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World Breastfeeding Week Highlights Benefits To Infant, Child Nutrition, Health

Kicking off World Breastfeeding Week Sunday, the WHO together with UNICEF emphasized the importance of the agencies’ 10 steps to successful breastfeeding to improve health of infants and children around the world, VOA News reports (Schlein, 8/1).

“Breastfeeding is the best way to provide newborns with the nutrients they need,” the WHO said in a statement. “WHO recommends exclusive breastfeeding until a baby is six months old, and continued breastfeeding with the addition of nutritious complementary foods for up to two years or beyond” (undated).

“Although exclusive breastfeeding for the first six months of life is on the rise in many countries, the agency believes that further improving these rates is crucial to bolster the nutrition and health of infants and children,” U.N. News Centre writes.

“Some 35 percent of infants between the ages of 0 and 6 months are solely breastfed worldwide, said Elizabeth Mason, Director of WHO’s Department of Child and Adolescent Health and Development,” the U.N. News Centre continues. “But if all babies and young children were breastfed exclusively for the first six months of life and then given nutritious complementary food with continued breastfeeding up to two years of age, the lives of an additional 1.5 million under five would be saved every year,” according to Mason (8/1).

“WHO says malnutrition is responsible for one-third of the nearly nine million deaths among children under age five every year,” VOA News continues. The majority of these deaths take place within the first months of life and are linked to poor feeding practices, according to Bernadette Daelmans, a Medical Officer in the WHO’s Division for Newborn and Child Health and Development.

The article also notes the long-term benefits breastfeeding can have on children and into adulthood (8/1).

The 10-step checklist includes such pointers as “helping mothers begin breastfeeding within half an hour of birth, allowing mothers and infants to remain together for 24 hours a day, and giving no artificial teats or pacifiers to breastfeeding infants,” U.N. News Centre continues (8/1).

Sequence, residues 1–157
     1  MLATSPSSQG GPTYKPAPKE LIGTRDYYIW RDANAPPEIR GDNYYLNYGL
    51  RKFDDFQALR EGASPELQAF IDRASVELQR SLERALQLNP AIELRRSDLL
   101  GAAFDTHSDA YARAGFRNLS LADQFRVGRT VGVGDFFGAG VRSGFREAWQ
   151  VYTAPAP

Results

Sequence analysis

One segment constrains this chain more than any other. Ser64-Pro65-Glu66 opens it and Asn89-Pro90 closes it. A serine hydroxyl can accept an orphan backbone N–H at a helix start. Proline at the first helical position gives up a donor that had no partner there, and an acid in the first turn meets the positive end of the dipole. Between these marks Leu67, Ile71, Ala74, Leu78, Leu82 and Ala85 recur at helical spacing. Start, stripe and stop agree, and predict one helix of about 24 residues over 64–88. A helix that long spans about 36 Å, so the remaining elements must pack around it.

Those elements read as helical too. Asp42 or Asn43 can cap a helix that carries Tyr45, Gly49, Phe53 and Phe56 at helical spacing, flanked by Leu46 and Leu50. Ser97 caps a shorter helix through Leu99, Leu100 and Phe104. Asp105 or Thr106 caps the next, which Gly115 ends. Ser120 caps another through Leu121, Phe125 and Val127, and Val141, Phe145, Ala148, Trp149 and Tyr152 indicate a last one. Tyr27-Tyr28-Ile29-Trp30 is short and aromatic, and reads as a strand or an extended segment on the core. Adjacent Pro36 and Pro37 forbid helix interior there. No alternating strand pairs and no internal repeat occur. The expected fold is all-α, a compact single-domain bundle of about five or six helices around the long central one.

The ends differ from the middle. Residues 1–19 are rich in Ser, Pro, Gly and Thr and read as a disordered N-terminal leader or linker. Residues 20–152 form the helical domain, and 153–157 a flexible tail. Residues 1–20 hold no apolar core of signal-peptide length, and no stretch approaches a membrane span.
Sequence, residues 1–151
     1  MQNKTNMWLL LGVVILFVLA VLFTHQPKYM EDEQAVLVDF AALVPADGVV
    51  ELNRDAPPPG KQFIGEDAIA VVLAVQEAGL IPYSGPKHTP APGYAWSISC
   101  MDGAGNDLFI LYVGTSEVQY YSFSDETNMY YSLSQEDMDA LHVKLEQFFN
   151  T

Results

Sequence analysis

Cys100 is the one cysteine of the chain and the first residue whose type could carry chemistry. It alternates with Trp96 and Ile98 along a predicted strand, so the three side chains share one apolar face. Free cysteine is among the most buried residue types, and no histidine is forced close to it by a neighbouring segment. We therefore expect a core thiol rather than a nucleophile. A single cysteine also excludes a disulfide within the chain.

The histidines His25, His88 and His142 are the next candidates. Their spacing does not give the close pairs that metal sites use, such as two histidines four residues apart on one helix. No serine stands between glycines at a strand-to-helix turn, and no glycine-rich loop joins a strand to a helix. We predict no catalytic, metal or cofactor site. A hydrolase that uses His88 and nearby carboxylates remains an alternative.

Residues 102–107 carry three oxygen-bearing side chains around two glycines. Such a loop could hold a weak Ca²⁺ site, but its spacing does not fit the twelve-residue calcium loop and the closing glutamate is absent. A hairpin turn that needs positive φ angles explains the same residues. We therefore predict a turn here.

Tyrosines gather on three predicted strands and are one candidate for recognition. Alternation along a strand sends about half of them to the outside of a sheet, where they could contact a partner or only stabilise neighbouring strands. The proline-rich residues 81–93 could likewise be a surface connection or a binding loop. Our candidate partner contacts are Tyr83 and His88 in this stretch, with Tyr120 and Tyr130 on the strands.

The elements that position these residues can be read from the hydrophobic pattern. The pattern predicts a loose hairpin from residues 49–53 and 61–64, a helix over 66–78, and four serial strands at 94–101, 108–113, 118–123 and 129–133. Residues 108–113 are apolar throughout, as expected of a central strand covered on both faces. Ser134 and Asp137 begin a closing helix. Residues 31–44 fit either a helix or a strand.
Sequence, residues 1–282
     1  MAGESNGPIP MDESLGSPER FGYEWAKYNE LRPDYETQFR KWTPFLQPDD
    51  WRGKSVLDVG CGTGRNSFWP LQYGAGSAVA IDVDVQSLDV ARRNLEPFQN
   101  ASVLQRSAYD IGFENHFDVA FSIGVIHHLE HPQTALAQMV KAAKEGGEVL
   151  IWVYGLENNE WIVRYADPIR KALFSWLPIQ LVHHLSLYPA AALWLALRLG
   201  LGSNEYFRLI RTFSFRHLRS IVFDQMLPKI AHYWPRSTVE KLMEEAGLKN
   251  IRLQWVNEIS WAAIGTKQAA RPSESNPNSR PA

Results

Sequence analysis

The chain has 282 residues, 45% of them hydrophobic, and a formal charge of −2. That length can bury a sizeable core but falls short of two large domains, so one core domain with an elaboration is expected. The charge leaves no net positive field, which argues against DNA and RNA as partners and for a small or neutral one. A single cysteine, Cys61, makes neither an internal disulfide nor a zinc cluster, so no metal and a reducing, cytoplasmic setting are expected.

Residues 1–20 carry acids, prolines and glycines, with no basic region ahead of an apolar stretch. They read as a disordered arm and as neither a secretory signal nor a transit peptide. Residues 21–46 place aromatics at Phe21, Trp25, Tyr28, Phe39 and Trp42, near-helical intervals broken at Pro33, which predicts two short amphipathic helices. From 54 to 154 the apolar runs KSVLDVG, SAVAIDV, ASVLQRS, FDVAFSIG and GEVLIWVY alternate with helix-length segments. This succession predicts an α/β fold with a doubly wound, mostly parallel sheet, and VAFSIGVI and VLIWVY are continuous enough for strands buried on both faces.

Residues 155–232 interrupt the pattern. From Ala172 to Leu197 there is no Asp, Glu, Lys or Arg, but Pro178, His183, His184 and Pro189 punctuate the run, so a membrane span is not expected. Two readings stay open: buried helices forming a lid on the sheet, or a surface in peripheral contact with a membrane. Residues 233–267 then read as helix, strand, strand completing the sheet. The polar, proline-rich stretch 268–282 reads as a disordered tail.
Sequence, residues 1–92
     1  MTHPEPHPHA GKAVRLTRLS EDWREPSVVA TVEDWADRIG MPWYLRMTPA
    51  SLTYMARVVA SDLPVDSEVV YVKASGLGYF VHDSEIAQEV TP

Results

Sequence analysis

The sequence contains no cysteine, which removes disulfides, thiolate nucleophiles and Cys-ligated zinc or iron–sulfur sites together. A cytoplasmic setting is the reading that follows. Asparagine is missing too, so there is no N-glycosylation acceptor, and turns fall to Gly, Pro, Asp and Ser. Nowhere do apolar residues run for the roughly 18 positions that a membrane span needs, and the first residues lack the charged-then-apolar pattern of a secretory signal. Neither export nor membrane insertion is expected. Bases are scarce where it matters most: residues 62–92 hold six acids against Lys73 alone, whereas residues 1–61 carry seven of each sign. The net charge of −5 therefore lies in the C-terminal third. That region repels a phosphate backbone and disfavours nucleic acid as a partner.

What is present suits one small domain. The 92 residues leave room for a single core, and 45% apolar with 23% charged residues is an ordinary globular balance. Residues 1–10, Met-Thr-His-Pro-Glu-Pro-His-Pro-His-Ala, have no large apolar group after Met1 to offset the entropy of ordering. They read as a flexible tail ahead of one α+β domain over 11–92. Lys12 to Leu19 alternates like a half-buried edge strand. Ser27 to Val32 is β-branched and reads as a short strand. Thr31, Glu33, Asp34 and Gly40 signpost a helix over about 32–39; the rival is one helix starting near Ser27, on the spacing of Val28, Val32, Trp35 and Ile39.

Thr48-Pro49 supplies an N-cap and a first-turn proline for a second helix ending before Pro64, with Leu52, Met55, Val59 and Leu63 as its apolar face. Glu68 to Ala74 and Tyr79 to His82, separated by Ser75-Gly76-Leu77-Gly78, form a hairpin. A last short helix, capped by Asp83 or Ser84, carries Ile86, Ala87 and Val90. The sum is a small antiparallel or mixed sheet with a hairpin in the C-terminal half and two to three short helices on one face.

The checklist also recommends the establishment of breastfeeding support groups for mothers to participate in once released from the hospital, according to VOA News. According to the WHO, the breast-feeding checklist is used by hospitals in over than 150 countries, the news service writes (8/1).

“First observed in 1992, World Breastfeeding Week … is now observed in more than 120 countries and is celebrated from 1-7 August annually,” U.N. News Centre writes (8/1).

In related news, IRIN/Plus News reports that “[h]ealth and nutrition experts in Zimbabwe are worried that one of the lowest exclusive breastfeeding rates in the region could have a negative impact on the country’s prevention of mother-to-child HIV transmission (PMTCT) programme.”

According to a recent national nutrition survey, 6 percent of mothers in Zimbabwe reported breastfeeding their infants until they reached six months, the news service writes. The survey also revealed “that at least one-third of Zimbabwean children under the age of five were malnourished, with around 12,000 at risk of dying from poor nutrition. The survey associated these widespread nutritional problems in children with the low rate of exclusive breastfeeding,” IRIN/PlusNews writes.

“The findings of the survey are very disturbing because we know that when HIV-positive mothers practice mixed feeding this greatly increases the risk of them passing on HIV to their babies,” UNICEF spokesperson Tsitsi Singizi said, according to the news service.

The article examines reasons mothers may stop breastfeeding children early, including their own poor nutrition status, the recent WHO recommendations for HIV-positive mothers to begin taking antiretrovirals at 14 weeks of pregnancy through the end of breastfeeding, and the challenges resource-strapped antenatal clinics face in trying to achieve these recommendations.

Mduduzi “Mbuya [research scientist with Zvitambo, a research organization working to improve HIV services for women and children] said if children had already fallen through the cracks of the PMTCT programme, not being exclusively breastfed would further lower their chances of survival. HIV-positive infants are more susceptible to malnutrition, placing them at higher risk from life-threatening opportunistic infections,” IRIN/PlusNews writes (7/30).

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